SCOTUS Props Up DACA for Now, But Leaves Much Open

By Rachel Alexander Published on June 20, 2020

In a 5-4 decision, the U.S. Supreme Court ruled this week that Trump’s decision terminating the Obama administration’s Deferred Action for Childhood Arrivals program was done improperly. Chief Justice John Roberts sided with the four liberals on the court. He wrote the opinion for Department of Homeland Security et al. v Regents of the University of California et al. He left it open, however, for the administration to try again. The court did not rule on the merits of whether DACA was constitutional.

Implemented in 2012 by Obama, DACA provided young illegal immigrants with amnesty that was renewable every two years. Those illegally brought into the country as children qualified. This, even if they were brought into the country at age 17. And had spent their entire lives in Mexico, Central America, or somewhere else. Nearly 800,000 “Dreamers” qualified. They were allowed to work legally in the U.S. and obtain healthcare and driver’s licenses. They merely weren’t given a path to citizenship.

While running for president, Trump vowed to eliminate the program. On September 5, 2017, then-Attorney General Jeff Sessions announced that DACA would end in March 2018. Trump called DACA an unconstitutional overreach by the executive branch, which should be struck down by the courts. He set the ending date several months out in order to give Congress time to fix it by passing legislation implementing the program.

Greasing the Skids

Three different lawsuits were filed against the administration over the decision. They were filed in jurisdictions where left-leaning judges would rule in their favor — California, the District of Columbia and New York. And the judges did, which left DACA in place. Trump appealed the decisions to the Supreme Court.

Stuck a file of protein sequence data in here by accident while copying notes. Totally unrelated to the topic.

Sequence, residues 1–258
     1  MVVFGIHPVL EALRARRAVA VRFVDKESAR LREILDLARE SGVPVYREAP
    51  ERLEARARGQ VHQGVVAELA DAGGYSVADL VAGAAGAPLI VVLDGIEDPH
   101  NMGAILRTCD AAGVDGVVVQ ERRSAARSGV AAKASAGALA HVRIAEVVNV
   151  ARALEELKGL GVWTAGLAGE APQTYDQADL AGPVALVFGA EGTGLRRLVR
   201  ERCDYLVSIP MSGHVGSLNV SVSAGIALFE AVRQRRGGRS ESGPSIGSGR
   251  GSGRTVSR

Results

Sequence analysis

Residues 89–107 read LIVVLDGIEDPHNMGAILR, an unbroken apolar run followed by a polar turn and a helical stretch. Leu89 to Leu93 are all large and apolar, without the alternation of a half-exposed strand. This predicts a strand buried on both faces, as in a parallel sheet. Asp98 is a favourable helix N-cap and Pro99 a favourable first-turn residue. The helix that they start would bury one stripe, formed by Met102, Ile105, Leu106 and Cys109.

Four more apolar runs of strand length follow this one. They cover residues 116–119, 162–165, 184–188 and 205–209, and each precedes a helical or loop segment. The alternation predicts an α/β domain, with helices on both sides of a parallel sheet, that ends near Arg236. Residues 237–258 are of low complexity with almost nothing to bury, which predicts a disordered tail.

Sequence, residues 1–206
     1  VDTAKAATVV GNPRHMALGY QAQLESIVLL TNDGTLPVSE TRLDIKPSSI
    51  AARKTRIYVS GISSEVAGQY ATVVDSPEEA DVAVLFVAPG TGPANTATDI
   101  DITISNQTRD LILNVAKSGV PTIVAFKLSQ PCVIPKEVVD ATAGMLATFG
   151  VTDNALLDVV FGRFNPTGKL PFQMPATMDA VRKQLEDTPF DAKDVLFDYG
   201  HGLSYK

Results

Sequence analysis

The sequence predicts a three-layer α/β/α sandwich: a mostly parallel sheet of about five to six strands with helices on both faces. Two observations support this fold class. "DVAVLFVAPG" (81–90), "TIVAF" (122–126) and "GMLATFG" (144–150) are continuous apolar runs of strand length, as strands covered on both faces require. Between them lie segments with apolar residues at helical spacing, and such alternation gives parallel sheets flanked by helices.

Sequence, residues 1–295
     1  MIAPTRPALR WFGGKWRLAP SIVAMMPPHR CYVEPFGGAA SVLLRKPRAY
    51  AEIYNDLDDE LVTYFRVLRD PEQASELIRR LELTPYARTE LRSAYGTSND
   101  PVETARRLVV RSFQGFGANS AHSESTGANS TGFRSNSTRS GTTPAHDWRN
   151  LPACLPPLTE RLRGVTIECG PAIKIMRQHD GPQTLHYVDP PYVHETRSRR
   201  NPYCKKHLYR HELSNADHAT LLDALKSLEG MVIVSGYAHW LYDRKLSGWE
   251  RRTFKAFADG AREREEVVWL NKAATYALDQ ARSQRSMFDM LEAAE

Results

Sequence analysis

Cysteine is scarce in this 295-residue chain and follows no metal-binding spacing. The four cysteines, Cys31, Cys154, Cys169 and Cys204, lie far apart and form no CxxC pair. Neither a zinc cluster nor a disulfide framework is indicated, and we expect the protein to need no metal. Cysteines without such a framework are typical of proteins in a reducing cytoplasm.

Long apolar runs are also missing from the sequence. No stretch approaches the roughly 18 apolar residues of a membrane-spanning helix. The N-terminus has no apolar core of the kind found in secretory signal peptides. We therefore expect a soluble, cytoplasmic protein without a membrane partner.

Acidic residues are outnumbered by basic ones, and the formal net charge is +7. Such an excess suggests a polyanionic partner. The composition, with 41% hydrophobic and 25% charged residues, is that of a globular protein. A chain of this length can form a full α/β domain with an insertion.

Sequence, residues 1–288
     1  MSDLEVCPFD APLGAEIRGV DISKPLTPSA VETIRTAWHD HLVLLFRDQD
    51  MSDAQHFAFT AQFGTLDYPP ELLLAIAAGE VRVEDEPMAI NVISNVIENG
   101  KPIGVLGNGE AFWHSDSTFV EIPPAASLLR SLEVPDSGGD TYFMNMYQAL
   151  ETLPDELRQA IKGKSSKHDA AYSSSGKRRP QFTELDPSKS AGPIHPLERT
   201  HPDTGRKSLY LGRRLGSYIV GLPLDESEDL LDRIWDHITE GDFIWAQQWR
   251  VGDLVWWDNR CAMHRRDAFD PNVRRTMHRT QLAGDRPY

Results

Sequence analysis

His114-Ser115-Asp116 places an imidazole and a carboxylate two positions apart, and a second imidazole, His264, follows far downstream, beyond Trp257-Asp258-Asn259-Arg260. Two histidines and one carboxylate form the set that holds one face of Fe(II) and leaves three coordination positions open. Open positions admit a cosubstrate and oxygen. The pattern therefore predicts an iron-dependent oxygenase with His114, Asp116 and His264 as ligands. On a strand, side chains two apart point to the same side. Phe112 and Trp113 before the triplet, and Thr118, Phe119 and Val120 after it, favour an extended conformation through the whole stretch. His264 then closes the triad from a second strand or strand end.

Roberts admitted the courts should not substitute their own judgment for that of an agency.

Roberts said in the majority opinion that the termination violated the Administrative Procedure Act. He claimed it was taken “arbitrarily and capriciously.” That federal law governs federal agencies. However, Roberts admitted the courts should not substitute their own judgment for that of an agency. The Trump administration argued that the court did not have the authority to review its decision. It was taken within the executive branch’s realm of discretion.

Notably, Roberts declined to rule on whether the Trump administration was correct in concluding that DACA was illegal since it was done unilaterally without Congress. Instead, he delved into touchy-feely rhetoric. Roberts asserted that even if the benefits provided by DACA were illegal, deportations were still wrong. DACA recipients were arranging their lives based on it being there for them. He concluded that the Trump administration did not provide a reasoned explanation for its action.

Discriminatory Intent?

However, most of the majority rejected the DACA recipients’ claim that the Trump administration was motivated by discrimination. Justice Sonya Sotomayor agreed with most of the majority’s opinion. But she would have allowed the plaintiffs an opportunity to flesh out their accusations of discrimination.